With much fear and trepidation, I have finally started to re-glaze my windows. A lot of what I have learned about windows is from Terry Meany's book Working Windows and some other sources around the internet that I think I have mentioned before. I was intimidated at first but there really isn't much to be afraid of. With a little practice any DIYer can become a passable glazier!
Since I am glazing the sash in situ I bought a gallon of Abatron's Sarco Dual-Glaze. It is apparently the best glaze out there. Dual-Glaze has a brother called Multi-Glaze in case you have the luxury of re-glazing your windows in a workshop. Multi-Glaze skins over and can be painted in a few days but cannot be used on installed sash. Dual-Glaze takes 2-3 weeks to skin over but works for installed sash. DAP '33' is the one you'll find in the hardware stores. I haven't used it but I suppose it's ok too. It is the glaze Terry mentions in his book because it is widely available. I have also heard there is glaze in a caulk-type tube but it sounds more like a quick repair/stop-gap option.
I started on the kitchen windows in the back of the house. I figured if I really screwed them up, nobody but skunks, birds, squirrels, cats, prowlers, contractors, and frequent guests would see them.
I dipped my hand into the oily putty and started forming a ball with it just like in the pictures. It was messy and stuck to my fingers. I tried to jam it into the rabbets with my thumb. It wanted to stick to my thumb more than the window. Once I got enough slopped onto the window, I put the knife onto the glass and pulled it down just like I had seen online. It kept pulling up and tearing under the blade as the knife passed! I was so frustrated and stopped after 2 lites knowing that Jim O., a real life window glazier, was coming into the office the next day for an appointment.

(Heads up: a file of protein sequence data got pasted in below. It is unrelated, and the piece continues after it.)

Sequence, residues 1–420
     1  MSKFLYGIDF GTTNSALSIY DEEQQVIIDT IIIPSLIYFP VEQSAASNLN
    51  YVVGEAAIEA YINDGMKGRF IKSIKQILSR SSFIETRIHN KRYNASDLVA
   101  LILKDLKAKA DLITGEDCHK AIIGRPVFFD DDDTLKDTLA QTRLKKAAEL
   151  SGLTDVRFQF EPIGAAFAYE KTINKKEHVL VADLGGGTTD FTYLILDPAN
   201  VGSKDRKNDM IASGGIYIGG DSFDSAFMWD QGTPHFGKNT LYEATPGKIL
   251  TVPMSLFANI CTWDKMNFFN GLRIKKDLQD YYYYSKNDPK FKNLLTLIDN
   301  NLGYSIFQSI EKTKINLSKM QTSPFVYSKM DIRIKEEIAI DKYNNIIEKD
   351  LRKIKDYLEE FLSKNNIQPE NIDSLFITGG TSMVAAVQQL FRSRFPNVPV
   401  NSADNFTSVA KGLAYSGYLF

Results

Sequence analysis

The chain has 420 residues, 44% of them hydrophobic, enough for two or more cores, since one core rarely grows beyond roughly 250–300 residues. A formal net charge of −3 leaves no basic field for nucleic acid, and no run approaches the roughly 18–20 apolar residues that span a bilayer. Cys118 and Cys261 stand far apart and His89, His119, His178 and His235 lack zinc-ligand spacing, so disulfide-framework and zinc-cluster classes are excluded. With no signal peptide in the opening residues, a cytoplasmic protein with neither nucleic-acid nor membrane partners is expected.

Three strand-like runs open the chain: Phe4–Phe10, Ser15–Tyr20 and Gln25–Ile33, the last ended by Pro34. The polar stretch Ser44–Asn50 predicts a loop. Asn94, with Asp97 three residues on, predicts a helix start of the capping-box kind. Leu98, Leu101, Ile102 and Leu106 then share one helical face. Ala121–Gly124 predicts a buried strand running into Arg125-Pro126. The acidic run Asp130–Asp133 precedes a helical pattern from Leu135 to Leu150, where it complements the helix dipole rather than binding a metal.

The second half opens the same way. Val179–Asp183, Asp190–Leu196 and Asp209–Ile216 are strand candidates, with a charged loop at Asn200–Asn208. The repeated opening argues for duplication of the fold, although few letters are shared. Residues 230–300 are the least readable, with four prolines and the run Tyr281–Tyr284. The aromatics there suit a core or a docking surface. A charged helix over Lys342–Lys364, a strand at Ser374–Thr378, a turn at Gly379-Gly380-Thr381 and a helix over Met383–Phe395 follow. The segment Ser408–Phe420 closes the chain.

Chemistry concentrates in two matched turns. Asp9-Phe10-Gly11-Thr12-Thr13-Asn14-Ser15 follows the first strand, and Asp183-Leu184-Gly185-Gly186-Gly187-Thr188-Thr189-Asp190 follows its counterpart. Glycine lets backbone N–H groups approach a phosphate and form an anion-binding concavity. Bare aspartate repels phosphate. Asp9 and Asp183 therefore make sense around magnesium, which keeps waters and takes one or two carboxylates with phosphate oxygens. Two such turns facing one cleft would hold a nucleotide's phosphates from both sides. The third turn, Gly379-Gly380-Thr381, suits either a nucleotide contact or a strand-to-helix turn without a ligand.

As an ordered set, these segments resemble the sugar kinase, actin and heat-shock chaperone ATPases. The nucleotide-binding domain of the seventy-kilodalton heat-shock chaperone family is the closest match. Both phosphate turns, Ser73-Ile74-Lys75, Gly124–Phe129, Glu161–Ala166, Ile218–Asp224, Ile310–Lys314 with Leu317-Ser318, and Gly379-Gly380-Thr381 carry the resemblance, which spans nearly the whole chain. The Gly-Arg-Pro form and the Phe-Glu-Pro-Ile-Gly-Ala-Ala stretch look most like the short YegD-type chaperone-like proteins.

Jim told me that I need to knead the putty like dough in my hand for a few minutes, not a few seconds. It needs to get warm and soft--especially in the cool temperatures we've been having. He also said not to be afraid to press hard on the glaze--saying I wouldn't break anything. He said that I could apply the glaze with the base of my palm and told me to make sure I always slide my knife off and not lift it off. One final tip: make sure my knife is stiff, perfectly clean, and the corners are sharp.
The palm application technique he recommended didn't work well for me because of the awkward angles on the ladder. But things definitely went better the second time around. In addition to heeding Jim's tips, I put on latex rubber gloves which the putty doesn't really stick to, used mineral oil to clean the knife blade, kept the blade of the knife warm while kneading the glaze by holding it under my arm, and primed the sash for glazing by rubbing all of the bare wood with pure linseed oil on a rag (to keep the wood from absorbing the putty's oils). I also tried to work the putty as soon as I could because I noticed that the cold glass cools the glaze down quickly. When all was said and done, I even had a couple sections where I left a perfect line of glaze in one swipe with no repairs (except for the corners). I thought I was somebody!
During my third outing I discovered why glazing is as much art as it is science. I realized I had the science part down and needed to master the art. I decided that glazing is a zen-like yin yang combination of everything: science & art, hard & soft, frustrating & peaceful, power & finesse (which is a fun lacrosse drill by the way). Delicately balancing the yin and yang of window glazing becomes a meditative DIY project.